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The Danelaw, as recorded in the Anglo-Saxon Chronicle, is a historical name given to the part of England in which the laws of the Danes held sway and dominated those of the Anglo-Saxons. The term is first recorded in the early 11th century as Dena lage. Modern historians have extended the term to a geographical designation. The areas that constituted the Danelaw lie in northern and eastern England, and roughly comprised 15 shires: Leicester, York, Nottingham, Derby, Lincoln, Essex, Cambridge, Suffolk, Norfolk, Northampton, Huntingdon, Bedford, Hertford, Middlesex, and Buckingham.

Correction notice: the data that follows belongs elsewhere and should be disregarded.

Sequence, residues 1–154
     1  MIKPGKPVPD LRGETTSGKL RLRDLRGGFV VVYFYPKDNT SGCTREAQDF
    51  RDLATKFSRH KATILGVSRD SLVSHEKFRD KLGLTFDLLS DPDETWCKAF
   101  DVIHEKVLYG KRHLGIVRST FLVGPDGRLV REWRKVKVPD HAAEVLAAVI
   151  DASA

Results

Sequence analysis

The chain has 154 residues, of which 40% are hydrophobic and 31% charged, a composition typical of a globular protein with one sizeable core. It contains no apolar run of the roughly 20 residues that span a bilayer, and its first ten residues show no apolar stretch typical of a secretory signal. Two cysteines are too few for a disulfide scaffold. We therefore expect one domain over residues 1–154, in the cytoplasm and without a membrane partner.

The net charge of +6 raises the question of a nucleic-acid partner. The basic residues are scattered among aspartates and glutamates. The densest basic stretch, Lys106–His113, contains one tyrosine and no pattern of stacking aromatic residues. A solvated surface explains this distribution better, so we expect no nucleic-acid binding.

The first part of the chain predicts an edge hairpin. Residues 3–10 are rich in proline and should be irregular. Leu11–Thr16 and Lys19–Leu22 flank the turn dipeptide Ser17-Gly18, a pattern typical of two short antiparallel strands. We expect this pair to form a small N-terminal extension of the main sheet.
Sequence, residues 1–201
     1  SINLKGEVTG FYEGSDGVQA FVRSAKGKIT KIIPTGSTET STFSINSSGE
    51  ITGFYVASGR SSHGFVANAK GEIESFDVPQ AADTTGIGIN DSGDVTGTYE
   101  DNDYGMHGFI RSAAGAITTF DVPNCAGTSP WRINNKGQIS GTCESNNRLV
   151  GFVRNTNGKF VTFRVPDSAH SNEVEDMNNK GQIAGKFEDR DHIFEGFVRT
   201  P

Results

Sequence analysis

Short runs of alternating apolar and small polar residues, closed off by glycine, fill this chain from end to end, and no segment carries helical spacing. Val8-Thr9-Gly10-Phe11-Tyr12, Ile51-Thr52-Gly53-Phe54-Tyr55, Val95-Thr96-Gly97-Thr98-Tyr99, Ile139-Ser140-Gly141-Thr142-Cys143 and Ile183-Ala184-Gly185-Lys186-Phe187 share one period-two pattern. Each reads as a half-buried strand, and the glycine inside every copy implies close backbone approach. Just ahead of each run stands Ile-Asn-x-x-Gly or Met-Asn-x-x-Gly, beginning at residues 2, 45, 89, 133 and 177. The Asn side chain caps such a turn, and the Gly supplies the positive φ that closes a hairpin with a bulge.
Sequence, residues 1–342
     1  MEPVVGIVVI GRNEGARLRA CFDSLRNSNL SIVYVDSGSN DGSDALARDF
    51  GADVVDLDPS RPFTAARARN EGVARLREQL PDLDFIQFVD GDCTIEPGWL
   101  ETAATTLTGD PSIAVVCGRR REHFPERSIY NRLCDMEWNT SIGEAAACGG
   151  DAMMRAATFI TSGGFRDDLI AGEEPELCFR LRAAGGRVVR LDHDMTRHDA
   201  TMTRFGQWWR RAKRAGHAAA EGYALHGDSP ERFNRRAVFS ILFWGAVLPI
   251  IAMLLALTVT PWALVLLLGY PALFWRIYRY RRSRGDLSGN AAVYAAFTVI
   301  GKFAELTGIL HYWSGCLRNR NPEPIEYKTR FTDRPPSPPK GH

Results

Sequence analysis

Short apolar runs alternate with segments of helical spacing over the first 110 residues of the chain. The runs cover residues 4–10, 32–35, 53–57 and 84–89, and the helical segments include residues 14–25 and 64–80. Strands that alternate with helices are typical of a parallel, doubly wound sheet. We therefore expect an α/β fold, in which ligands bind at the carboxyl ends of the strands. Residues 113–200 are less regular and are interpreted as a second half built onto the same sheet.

In 886, the Treaty of Alfred and Guthrum was formalised, defining the boundaries of their kingdoms, with provisions for peaceful relations between the English and the Vikings. The language spoken in England was also affected by this clash of cultures with the emergence of Anglo-Norse dialects. 

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Map: England, 878 AD

 

 

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